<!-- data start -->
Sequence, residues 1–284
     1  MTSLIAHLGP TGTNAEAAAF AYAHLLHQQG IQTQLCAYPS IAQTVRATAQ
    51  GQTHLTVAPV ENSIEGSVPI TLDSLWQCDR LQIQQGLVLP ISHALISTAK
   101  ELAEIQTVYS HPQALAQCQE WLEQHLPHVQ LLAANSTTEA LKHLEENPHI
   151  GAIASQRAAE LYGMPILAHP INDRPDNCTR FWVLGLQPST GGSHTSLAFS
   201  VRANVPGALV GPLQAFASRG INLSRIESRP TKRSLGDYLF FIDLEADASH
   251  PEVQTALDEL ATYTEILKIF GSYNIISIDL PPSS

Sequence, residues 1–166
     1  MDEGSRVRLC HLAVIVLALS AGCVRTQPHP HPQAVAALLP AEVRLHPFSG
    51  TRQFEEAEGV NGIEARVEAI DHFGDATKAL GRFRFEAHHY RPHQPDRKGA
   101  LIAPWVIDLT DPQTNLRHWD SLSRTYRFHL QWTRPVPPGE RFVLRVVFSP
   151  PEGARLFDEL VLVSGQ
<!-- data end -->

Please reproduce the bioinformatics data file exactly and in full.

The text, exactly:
Sequence, residues 1–284
     1  MTSLIAHLGP TGTNAEAAAF AYAHLLHQQG IQTQLCAYPS IAQTVRATAQ
    51  GQTHLTVAPV ENSIEGSVPI TLDSLWQCDR LQIQQGLVLP ISHALISTAK
   101  ELAEIQTVYS HPQALAQCQE WLEQHLPHVQ LLAANSTTEA LKHLEENPHI
   151  GAIASQRAAE LYGMPILAHP INDRPDNCTR FWVLGLQPST GGSHTSLAFS
   201  VRANVPGALV GPLQAFASRG INLSRIESRP TKRSLGDYLF FIDLEADASH
   251  PEVQTALDEL ATYTEILKIF GSYNIISIDL PPSS

Sequence, residues 1–166
     1  MDEGSRVRLC HLAVIVLALS AGCVRTQPHP HPQAVAALLP AEVRLHPFSG
    51  TRQFEEAEGV NGIEARVEAI DHFGDATKAL GRFRFEAHHY RPHQPDRKGA
   101  LIAPWVIDLT DPQTNLRHWD SLSRTYRFHL QWTRPVPPGE RFVLRVVFSP
   151  PEGARLFDEL VLVSGQ